Mr Oh thought this was hilarious. I’m going to bring him along next time - to deposit me at the door, scowl and give me my little money for my cheapest-on-the-menu massage. Catherine 1, China 0.
Thursday, 05 September 2013 Filed in: Little A
Before Baby A happened, I honestly did not understand this whole crazy, emotional motherhood thing. Mr Oh and I said things like “the baby will fit into our life, we will not become totally baby focussed”. We were like Tweedledum and Tweedledee bouncing along aimlessly in the forest of dumbass.
I now sit nervously in the café beside the creche straining to hear a sound that might be the sound of my baby not being entirely happy. I am that woman. I am quite disappointed in myself but also kind of amazed that I’m so weird and insanimommy. Baby A is totally fine in creche - or ‘playcare’ as well call it here in Sinoland. He’s not crazy about the other babies. He doesn’t quite understand why they have to be there but he likes the stuff. They’ve got good play-kitchens, solid walkers and drawers full of plastic bouncy nondescript colorful things - winner.
I’m very lucky we’re not in Ireland. I don’t have to go back to work and drop him into the icy cold waters of 8-6 creching with no warning. He’s in playcare now from 8:30 to 12:30. I go with him for an hour, leave for an hour then go back and stay with him until he’s too tired to steal the other kids’ sippy cups (this happens at about noon). I’m in the playcare so much that some of the other toddlers and I have bonded. We hang out reading stories and having tea parties. Baby A mostly ignores me. He occasionally makes the food sign so that I bring him peeled tangerines, but otherwise, I’m superfluous to his needs. I could probably duck out for the whole four hours and he’d be fine. But I stay. I don’t think I’m ready to accept that he’s okay without me - that he can be happy, and develop and exist without me.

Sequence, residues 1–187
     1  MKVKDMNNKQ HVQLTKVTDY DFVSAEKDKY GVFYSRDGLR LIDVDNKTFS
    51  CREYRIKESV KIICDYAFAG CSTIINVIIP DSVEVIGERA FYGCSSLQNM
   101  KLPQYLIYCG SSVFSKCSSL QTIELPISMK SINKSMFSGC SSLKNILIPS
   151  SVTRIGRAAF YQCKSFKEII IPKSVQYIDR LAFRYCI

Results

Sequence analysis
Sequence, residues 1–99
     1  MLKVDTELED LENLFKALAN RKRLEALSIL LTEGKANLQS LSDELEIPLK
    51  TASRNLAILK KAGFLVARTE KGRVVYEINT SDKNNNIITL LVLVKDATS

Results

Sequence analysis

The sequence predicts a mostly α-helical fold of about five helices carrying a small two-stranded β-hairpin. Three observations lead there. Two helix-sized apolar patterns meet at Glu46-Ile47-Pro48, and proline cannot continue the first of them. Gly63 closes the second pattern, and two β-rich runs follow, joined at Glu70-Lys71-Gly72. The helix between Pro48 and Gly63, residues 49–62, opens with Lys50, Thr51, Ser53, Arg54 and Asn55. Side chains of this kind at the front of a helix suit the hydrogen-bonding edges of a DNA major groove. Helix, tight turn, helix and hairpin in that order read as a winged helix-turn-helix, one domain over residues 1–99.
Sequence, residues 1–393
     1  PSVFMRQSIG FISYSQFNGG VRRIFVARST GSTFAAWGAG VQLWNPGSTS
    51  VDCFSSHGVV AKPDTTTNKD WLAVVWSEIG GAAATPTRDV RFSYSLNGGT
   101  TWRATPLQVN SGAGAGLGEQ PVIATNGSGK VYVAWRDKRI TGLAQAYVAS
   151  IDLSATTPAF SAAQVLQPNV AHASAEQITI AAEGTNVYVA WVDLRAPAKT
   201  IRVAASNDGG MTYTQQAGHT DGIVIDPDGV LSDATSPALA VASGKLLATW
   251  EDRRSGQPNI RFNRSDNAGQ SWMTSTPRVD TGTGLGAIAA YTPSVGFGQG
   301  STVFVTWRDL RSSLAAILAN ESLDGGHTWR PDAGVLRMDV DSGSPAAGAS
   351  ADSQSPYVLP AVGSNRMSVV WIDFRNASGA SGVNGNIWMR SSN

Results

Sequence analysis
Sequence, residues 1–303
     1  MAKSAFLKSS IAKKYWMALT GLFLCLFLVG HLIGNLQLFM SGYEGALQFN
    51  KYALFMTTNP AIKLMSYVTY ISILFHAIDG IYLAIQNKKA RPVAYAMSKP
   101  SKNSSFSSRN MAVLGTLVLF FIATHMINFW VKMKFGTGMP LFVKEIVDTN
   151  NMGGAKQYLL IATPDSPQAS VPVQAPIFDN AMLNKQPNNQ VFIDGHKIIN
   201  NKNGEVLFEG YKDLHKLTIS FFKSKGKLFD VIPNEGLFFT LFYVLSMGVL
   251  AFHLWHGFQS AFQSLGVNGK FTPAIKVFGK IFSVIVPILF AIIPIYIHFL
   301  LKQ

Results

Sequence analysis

I read somewhere (when Baby A was very small) that parenthood is, from birth, a continuous process of letting go. That was a bit of a shock - I thought he’d be with me most of the time until he was thirty. I felt like I’d just got him, I didn’t want to start letting him go. I still don’t. But I realize also that he’s bored with me and, for him, I need a life outside of him. Just a small one, nothing too crazy - I don’t want to party in stilettos or even drink not-in-my-pyjamas - I maybe just want to go to the supermarket without the countdown to meltdown. I would quite honestly like to stand in the tea aisle and think about what kind of herbal infusion I would like. I could even pick up a box or two and look at the ingredients. I wouldn’t have to worry about whether I had enough croissant to last another 6 minutes.
The problem with playcare is not Baby A - it’s me. I might want to stand in the tea aisle for two minutes without being harried by a perpetually hungry, pre-verbal megalomaniac but any more than two minutes and I’d miss him. I miss him when he sleeps. I miss him when he’s out of my sight at all.
I like to think that the difference between me and the crazies is that I’m playing a long game. I don’t want to be insanimommy any more than I want Baby A to be tied to my apron strings (if all my aprons weren’t in the faraway shipment, alternatively he could be tied to the drawstring of my linen jammies or the brassy chain of my faux Chanel purse). He’s going to go to playcare and I’m going to do other things - like study and exercise and maybe drink in something that are not jammies (although hopefully not when he’s in playcare because that’s too early, even by my standards). He’ll still love me when he’s older. He’ll still ring me twice a week and he won’t roll his eyes when I talk. He’ll be well balanced and confident and secure, even though I left him for an hour a day when he was 13 months old.
I’m upping it to two hours a day next week. I may have to be flexible on the phone calls.